Even with high standards, exemplary textbooks, and powerful assessments, what really matters for mathematics learning are the interactions that take place in classrooms. The literature on mathematics education, perhaps surprisingly, contains little reliable data about those interactions. Most of the available research evidence consists of reports by teachers of their practice, but an increasing amount comes from systematic observations of lessons. The discussion in this section addresses both types of evidence.

Reported Practices

The emphasis in U.S. elementary and middle school mathematics teaching seems to be predominantly on number and operations. Teachers of 93% of the fourth graders and 88% of the eighth graders in the 1996 NAEP mathematics assessment reported that they gave the topic “a lot” of instructional emphasis.59 At grade 8, algebra also received a lot of emphasis (for 57% of the students), but that was the only other curriculum strand to receive much attention. Fourth-grade teachers reported giving considerable emphasis to facts, concepts, skills, and procedures (over 90% of the students got “a lot”), with less emphasis on reasoning processes (52%) and even less attention to communication (38%). Eighth-grade teachers’ responses followed a similar pattern, with somewhat less attention to facts, concepts, skills, and procedures (79%). In a recent study comparing schools participating in state initiatives in mathematics and science with schools not involved in such initiatives, elementary school teachers in the initiatives schools spent significantly more time than their counterparts on reasoning and problem-solving activities.60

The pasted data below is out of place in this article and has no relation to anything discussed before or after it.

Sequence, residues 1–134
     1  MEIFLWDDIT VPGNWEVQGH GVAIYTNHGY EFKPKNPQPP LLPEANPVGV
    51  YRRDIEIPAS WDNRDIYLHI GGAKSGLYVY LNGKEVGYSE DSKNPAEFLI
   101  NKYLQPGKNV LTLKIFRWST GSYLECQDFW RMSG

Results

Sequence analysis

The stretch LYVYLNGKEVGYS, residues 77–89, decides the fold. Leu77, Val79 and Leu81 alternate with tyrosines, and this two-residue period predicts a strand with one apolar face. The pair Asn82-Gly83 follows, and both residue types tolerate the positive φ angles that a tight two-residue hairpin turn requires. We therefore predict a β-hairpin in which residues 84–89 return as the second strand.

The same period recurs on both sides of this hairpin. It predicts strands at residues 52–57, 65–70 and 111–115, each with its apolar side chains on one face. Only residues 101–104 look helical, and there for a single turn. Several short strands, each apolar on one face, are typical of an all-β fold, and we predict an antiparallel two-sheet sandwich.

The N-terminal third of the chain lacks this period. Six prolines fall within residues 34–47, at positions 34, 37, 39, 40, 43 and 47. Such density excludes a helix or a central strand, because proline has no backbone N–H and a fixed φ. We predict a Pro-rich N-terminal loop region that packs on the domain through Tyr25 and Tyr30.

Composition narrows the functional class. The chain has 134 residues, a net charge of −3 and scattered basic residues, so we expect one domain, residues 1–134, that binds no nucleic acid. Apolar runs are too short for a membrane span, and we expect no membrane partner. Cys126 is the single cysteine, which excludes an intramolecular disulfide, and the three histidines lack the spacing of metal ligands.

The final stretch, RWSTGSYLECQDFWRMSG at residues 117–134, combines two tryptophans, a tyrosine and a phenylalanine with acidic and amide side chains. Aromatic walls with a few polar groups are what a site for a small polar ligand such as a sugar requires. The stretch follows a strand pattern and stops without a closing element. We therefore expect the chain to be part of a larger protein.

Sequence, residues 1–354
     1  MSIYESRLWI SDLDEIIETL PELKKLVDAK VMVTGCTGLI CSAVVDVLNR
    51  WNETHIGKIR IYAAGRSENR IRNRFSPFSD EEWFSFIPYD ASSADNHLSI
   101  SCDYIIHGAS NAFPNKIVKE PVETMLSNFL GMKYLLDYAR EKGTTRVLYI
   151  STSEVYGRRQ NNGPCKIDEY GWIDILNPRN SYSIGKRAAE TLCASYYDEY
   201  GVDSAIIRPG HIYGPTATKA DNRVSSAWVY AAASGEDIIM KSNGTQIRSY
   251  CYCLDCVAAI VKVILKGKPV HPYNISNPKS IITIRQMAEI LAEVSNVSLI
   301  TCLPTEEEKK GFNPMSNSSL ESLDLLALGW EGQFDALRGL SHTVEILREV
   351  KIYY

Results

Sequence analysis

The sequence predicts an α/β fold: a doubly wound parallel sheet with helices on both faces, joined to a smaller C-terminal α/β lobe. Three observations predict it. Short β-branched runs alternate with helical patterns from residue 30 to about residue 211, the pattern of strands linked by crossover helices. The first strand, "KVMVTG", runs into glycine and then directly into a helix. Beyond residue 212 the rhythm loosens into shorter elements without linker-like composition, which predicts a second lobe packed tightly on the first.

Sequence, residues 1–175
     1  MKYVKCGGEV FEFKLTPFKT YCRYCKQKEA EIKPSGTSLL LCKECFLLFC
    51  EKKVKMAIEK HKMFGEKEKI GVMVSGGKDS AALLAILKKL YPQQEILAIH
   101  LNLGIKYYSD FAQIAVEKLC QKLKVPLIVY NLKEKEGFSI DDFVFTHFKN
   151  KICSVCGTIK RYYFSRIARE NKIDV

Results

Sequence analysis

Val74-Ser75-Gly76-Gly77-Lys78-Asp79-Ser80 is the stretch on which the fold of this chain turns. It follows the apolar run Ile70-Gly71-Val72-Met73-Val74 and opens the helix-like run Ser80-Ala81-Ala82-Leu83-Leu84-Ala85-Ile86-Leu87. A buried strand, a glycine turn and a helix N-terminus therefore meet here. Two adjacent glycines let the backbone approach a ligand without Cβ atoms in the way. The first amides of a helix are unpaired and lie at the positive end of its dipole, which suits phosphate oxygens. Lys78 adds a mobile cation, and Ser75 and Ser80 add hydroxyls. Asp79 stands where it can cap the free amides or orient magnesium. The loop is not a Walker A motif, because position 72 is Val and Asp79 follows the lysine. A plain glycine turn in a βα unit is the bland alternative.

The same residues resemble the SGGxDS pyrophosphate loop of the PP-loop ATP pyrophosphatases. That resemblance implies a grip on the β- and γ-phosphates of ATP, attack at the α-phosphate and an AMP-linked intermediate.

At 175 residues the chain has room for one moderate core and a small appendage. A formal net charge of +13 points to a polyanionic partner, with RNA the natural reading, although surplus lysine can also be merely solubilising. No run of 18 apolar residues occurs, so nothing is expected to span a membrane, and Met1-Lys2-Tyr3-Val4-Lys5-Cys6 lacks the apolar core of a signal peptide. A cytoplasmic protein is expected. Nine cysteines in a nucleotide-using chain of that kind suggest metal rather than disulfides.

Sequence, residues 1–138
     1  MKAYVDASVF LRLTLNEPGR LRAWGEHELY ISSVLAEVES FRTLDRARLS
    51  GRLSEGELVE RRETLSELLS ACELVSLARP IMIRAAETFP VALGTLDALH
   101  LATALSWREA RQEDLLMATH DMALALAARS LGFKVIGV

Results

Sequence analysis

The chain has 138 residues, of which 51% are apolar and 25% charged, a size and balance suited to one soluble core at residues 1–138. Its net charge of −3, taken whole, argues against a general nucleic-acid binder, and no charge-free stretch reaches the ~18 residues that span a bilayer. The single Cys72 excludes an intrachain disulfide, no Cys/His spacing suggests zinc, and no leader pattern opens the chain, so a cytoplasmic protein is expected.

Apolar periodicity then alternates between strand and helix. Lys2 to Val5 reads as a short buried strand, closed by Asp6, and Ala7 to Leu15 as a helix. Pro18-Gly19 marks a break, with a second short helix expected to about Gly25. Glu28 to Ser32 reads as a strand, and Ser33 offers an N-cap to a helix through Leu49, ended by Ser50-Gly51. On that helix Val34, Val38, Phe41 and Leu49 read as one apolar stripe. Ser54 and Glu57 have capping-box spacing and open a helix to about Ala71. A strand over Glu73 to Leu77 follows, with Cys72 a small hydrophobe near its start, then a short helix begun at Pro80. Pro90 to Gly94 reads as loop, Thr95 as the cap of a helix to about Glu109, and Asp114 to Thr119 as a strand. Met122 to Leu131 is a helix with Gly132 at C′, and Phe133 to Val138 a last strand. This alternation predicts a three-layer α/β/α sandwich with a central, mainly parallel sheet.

For decades, mathematics educators have been exhorting teachers to allow children to use manipulatives—counting blocks, geometric shapes, and other objects—to support their thinking. The use of manipulatives, however, is not a common classroom practice. In 1996, teachers of 27% of the fourth graders in NAEP reported that their students used counting blocks and geometric shapes at least once a week; 74% used them at least once a month, leaving 26% who seldom if ever used them. Teachers of 8% of the eighth graders said that their students used such manipulatives at least once a week, and teachers of more than half the students reported essentially no use. Data were not available on how this use was connected to mathematical ideas, words, and notations.

Materials such as rulers and calculators are apparently used much more frequently than manipulatives in mathematics teaching. Teachers of almost

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